Ink Arhats

Arhat denotes the saintly disciples of Buddha that live in the world to educate the public before their deaths. The term “arhat” also refers to the third level in the spiritual hierarchy of Buddha and Bodhisattvas’ austere practices. It’s said that initially there were only sixteen arhats, whom were the disciples of Gautama Buddha.  Later, another two joined in, leading to the legendary eighteen arhats that we know of today.

Abstract Ink Paintings

Mark Cheung’s abstract ink paintings have inherited the understanding of the ink spirits through knowledge passed down by predecessors and the “ancient people”.  Cheung follows the philosophy of “Hold[ing] spirits in the ink”, done by expressing the mind directly without restrictions or parameters.  Mark Cheung’s uses of writing brush and ink have exceeded all expectations, with a kind of engaging charm. In his works however, ink is not so abstract that it is attached to one singularity, but rather an array of “real” representations, showing a visual impact that you cannot find in the traditional works.  Cheung’s works emotes a sense of similarity to the American abstract expressionistic style that Jackson Pollock and Robert Motherwell had embraced.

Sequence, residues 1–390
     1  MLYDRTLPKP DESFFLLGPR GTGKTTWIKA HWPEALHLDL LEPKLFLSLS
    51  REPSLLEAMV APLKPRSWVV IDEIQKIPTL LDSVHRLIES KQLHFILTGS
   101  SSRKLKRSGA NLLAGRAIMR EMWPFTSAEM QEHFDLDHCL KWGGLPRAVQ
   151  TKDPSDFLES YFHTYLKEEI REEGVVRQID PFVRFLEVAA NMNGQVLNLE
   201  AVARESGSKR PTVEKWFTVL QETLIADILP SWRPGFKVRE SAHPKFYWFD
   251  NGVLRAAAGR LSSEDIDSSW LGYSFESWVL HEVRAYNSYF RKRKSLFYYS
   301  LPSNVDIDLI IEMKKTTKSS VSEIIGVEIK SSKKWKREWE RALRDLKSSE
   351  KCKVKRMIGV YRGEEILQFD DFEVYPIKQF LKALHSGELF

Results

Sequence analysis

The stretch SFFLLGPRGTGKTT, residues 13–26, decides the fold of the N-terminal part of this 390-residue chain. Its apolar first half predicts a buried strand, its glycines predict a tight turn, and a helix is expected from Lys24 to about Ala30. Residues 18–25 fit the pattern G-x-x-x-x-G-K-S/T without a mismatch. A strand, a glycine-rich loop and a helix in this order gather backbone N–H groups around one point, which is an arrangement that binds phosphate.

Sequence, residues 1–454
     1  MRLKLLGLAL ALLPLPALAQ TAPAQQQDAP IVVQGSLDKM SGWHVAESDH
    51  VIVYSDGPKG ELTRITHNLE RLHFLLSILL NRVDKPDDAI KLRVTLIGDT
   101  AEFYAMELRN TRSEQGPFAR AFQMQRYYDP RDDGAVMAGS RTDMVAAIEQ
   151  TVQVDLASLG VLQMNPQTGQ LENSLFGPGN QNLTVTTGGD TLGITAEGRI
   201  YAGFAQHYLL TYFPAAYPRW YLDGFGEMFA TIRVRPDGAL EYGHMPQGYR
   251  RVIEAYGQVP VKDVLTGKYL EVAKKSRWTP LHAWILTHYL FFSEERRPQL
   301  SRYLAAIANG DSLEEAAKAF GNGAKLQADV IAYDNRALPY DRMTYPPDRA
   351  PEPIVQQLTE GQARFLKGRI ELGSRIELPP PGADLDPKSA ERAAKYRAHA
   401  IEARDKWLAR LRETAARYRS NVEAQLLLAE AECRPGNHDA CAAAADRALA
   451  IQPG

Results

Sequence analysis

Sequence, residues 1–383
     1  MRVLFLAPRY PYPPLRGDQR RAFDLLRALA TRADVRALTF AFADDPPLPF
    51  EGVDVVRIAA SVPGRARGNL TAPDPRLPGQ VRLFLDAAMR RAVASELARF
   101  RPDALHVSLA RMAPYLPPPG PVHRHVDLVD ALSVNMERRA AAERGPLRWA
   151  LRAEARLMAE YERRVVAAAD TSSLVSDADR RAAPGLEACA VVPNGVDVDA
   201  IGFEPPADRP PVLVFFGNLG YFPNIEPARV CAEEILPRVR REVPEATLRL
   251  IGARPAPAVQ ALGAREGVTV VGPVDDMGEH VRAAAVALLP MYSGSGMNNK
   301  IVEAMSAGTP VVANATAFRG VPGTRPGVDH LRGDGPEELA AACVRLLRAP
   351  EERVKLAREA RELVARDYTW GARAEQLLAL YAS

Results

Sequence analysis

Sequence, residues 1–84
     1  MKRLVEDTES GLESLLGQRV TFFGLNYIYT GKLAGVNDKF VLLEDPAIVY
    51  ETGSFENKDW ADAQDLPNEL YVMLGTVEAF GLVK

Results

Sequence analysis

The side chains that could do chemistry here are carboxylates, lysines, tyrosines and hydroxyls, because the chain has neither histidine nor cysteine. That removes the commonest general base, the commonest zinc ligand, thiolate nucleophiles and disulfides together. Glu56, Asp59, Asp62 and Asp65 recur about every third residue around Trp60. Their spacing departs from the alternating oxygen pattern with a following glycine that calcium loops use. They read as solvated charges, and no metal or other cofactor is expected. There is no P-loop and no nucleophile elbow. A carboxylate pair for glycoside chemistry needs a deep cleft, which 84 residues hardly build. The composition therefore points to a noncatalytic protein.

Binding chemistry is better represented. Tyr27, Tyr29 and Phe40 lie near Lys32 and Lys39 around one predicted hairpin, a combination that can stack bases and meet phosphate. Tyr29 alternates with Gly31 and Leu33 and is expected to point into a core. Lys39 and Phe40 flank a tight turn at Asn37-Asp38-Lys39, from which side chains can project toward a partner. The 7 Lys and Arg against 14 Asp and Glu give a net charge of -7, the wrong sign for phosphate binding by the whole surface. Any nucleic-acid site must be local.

Ink Landscape Painting

Mark Cheung’s ink landscape paintings integrate the styles and skills of blue-and-green landscapes, golden-and-green landscapes, ink landscapes, light crimson tinge landscapes, skeleton-less landscapes. It’s proficient, dexterous and may even be considered superior to Cheung’s previous works.  His ink landscape paintings help express his personal understandings of the natural world to the fullest.